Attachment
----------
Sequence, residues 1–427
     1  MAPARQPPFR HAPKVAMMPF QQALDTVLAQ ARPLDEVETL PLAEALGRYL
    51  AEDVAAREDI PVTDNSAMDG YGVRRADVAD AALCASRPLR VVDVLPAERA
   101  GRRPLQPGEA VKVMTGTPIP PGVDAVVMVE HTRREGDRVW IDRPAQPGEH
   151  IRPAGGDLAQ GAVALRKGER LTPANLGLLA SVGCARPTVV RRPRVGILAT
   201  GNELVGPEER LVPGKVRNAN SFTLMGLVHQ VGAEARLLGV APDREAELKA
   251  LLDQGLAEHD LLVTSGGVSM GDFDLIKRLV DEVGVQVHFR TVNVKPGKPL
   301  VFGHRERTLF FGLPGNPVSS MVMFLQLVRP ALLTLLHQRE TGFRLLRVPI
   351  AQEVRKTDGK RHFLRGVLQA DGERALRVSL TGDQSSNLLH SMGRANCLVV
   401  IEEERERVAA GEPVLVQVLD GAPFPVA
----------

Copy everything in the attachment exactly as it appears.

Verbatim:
Sequence, residues 1–427
     1  MAPARQPPFR HAPKVAMMPF QQALDTVLAQ ARPLDEVETL PLAEALGRYL
    51  AEDVAAREDI PVTDNSAMDG YGVRRADVAD AALCASRPLR VVDVLPAERA
   101  GRRPLQPGEA VKVMTGTPIP PGVDAVVMVE HTRREGDRVW IDRPAQPGEH
   151  IRPAGGDLAQ GAVALRKGER LTPANLGLLA SVGCARPTVV RRPRVGILAT
   201  GNELVGPEER LVPGKVRNAN SFTLMGLVHQ VGAEARLLGV APDREAELKA
   251  LLDQGLAEHD LLVTSGGVSM GDFDLIKRLV DEVGVQVHFR TVNVKPGKPL
   301  VFGHRERTLF FGLPGNPVSS MVMFLQLVRP ALLTLLHQRE TGFRLLRVPI
   351  AQEVRKTDGK RHFLRGVLQA DGERALRVSL TGDQSSNLLH SMGRANCLVV
   401  IEEERERVAA GEPVLVQVLD GAPFPVA